J. L. Mackie, The Miracle of Theism: Arguments for and against the Existence of God (Oxford: Clarendon Press, 1982), pages 162-163.
Mackie's acknowledgment that "[f]ormally . . . this is possible" -- i.e., that Plantinga's argument that natural evil might result from moral evil is formally possible -- is all that Plantinga needs since the free will defense is no theodicy. All that Plantinga need demonstrate is that there is no proven formal inconsistency in affirming God's omniscience, omnipotence, and omnibenevolence despite the fact of evil.

Mackie considers Plantinga's supposition of the "malevolent actions of fallen angels" to be "arbitrary" and incapable of offering any "positive support," but that is irrelevant to Plantinga's limited free will defense, which is basically a negative argument to the effect that no contradiction has been proven in affirming God's omniscience, omnipotence, and omnibenevolence despite the fact of evil.

I'd also dispute Mackie's choice of the term "arbitrary." Plantinga hasn't introduced an arbitrary supposition. He has simply noted that the theological view of natural evil as a consequence of moral evil is a long-standing Christian position. Mackie might consider that Christian position a long-standing arbitrary supposition, but that objection would still be irrelevant to Plantinga's limited, formal argument.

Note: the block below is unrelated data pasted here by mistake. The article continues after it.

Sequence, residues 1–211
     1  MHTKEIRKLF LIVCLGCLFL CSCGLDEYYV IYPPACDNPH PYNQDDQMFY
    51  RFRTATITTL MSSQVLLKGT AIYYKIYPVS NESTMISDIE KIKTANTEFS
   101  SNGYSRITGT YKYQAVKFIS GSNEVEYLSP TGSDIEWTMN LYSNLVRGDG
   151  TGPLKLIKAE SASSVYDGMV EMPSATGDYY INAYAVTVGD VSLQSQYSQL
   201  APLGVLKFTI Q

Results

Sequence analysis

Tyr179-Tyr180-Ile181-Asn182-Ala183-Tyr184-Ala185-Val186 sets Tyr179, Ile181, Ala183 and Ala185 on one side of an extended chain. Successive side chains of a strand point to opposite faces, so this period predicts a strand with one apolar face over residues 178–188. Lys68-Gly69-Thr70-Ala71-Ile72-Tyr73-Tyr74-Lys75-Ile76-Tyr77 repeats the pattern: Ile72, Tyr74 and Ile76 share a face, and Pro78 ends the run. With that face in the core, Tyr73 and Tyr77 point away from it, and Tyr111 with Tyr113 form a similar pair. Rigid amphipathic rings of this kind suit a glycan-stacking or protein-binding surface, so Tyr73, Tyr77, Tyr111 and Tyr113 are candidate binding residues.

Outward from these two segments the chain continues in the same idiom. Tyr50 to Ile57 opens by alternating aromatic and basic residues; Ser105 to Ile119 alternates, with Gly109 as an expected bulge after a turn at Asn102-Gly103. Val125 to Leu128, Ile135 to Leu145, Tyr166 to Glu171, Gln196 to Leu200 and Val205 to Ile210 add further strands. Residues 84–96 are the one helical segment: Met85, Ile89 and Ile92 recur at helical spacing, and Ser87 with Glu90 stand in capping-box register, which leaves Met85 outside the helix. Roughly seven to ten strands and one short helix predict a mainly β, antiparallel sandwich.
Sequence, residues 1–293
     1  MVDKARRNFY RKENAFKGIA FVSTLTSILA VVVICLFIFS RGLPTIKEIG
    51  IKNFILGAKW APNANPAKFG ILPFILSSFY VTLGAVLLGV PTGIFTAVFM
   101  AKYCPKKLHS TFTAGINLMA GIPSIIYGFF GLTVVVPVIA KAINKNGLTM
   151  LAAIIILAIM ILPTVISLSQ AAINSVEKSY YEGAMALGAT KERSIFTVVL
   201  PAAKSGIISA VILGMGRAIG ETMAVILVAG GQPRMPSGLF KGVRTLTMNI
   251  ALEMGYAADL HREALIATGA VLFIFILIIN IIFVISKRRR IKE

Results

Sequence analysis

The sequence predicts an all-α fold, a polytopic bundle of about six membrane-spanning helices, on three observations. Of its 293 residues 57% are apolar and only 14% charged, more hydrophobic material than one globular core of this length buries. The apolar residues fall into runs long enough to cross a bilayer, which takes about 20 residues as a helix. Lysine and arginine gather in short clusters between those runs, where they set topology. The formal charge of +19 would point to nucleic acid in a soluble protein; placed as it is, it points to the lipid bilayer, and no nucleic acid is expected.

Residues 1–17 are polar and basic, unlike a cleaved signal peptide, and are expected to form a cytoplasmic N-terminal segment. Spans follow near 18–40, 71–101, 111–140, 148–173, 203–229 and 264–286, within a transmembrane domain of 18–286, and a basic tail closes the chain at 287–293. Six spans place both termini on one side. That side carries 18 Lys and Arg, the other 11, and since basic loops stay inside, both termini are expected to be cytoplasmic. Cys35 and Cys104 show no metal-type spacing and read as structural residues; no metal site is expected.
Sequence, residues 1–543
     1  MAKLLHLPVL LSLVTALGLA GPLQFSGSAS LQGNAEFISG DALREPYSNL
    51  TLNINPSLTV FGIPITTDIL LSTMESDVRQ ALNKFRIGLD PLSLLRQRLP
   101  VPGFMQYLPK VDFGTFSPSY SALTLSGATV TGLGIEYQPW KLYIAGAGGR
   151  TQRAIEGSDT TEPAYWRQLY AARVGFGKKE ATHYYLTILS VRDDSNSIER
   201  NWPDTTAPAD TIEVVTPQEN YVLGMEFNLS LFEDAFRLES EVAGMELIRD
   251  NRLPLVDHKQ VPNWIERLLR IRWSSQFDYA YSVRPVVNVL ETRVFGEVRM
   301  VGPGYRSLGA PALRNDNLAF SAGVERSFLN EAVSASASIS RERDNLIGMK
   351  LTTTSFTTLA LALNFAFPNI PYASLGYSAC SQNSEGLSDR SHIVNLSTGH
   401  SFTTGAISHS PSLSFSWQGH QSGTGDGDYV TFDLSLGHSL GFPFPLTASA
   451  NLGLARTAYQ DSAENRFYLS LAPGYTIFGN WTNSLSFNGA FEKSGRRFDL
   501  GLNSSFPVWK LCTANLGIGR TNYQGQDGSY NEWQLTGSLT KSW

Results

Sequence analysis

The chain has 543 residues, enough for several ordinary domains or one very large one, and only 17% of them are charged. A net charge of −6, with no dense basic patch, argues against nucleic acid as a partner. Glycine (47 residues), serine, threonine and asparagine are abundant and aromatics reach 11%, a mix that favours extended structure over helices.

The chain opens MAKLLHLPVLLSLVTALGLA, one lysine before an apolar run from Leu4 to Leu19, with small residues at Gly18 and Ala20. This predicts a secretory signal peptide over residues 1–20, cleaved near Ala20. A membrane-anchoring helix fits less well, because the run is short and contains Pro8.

Plantinga does not set out to convert the skeptic by finding means to "justifie the wayes of God to men" (John Milton, Paradise Lost 1.26), for unlike Milton, he pursues no theodicy. Rather, he seeks to show that no logical contradiction has been demonstrated in the conjunction of the fact of evil with God's omniscience, omnipotence, and omnibenevolence.

In that limited sense, he seems to have succeeded.

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At 11:21 AM, Blogger Kevin Kim said...

Mackie probably could have phrased his argument better. I agree that his acknowledgment that Plantinga's "demonic amendment" is formally possible is just the crack in the door that Plantinga would want, but I also think that Mackie was trying to do something other than acknowledge that formal possibility: as the latter part of that excerpt implied, he seemed to be claiming that the "demonic amendment" was as substance-free ("arbitrary suppositions") as suddenly bringing winged elephants into the discussion-- i.e., it was at best a non-assertion, and thus not an effective addendum to Plantinga's main argument.

Mackie's remark also clicked with me because it echoed my own thoughts when I'd read about the "demonic amendment": Plantinga is leading us in circles, merely assuming what he's trying to prove. I need to flesh this thought out more properly, but I hinted at it in my "theodicy redux" post when I wrote: